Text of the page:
Giving Compass’ Take:
· New research into the racial disparities in special education shows that black and Hispanic students are less likely to be placed in special education programs than white students with the same health background. The data also shows that these minority students are more likely to be identified as special needs in predominantly white schools and less likely to receive these services in minority schools.
· What is the cause behind these disparities and how can they be addresses? How can philanthropists advocate for an equitable learning environment and access to special ed services?
New research examines how often black and Hispanic students are identified as needing special education compared to white students, leading to new findings on disproportionality and racial gaps.
“When looking at numbers and data more closely, what many think about this racial disproportionality gets turned on its head.”
“When it comes to special education demographics, people generally believe that minority students are put into special ed programs more frequently than white students, and if you look just at the raw numbers, that’s generally true,” says coauthor Scott Imberman, professor of economics and education policy at Michigan State University.
“But this doesn’t consider background factors, particularly health, which can determine a lot about a child. When looking at numbers and data more closely, what many think about this racial disproportionality gets turned on its head.”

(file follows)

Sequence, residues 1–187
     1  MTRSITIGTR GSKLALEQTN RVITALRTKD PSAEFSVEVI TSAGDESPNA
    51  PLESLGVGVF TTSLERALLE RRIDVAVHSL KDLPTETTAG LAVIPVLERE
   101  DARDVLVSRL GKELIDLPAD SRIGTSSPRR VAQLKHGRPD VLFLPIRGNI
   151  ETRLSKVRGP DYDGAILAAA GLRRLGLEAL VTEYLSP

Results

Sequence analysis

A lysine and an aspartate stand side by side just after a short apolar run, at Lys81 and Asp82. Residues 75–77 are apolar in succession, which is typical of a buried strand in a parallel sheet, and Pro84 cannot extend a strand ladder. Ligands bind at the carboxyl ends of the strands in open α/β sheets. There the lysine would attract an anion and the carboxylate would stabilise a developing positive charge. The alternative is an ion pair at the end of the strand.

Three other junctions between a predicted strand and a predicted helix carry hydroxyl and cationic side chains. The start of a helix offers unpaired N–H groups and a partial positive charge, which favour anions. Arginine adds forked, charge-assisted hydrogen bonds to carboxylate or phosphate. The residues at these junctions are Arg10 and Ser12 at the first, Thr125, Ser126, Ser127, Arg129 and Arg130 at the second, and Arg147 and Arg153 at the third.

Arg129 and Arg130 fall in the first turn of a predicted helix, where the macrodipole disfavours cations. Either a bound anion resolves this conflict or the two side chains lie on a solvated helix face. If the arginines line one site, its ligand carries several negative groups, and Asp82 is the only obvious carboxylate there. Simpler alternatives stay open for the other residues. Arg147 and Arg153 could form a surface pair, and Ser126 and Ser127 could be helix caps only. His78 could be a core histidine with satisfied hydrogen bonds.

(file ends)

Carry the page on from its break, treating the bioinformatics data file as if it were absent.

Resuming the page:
The research findings reveal that black and Hispanic students are put into special education more often in white schools. But, they are much less likely to be identified as needing special education in schools that are mostly minority, where they are surrounded by students of the same race. Additionally, black and Hispanic students are put into special education programs less frequently than white students who have similar health backgrounds.
Read the full article about racial disparities in special education by Caroline Brooks at Futurity.
Learning and benchmarking are key steps towards becoming an impact giver. If you are interested in giving with impact on Race and Ethnicity take a look at these selections from Giving Compass.
Looking for a way to get involved?
A good way to complement your interest in Ed System Reform is to connect with others. Check out these events, galas, conferences or volunteering opportunities related to Ed System Reform.
Are you ready to give?
If you are ready to take action and invest in causes for Ed System Reform, check out these Giving Funds, Charitable Organizations and Projects related to Ed System Reform.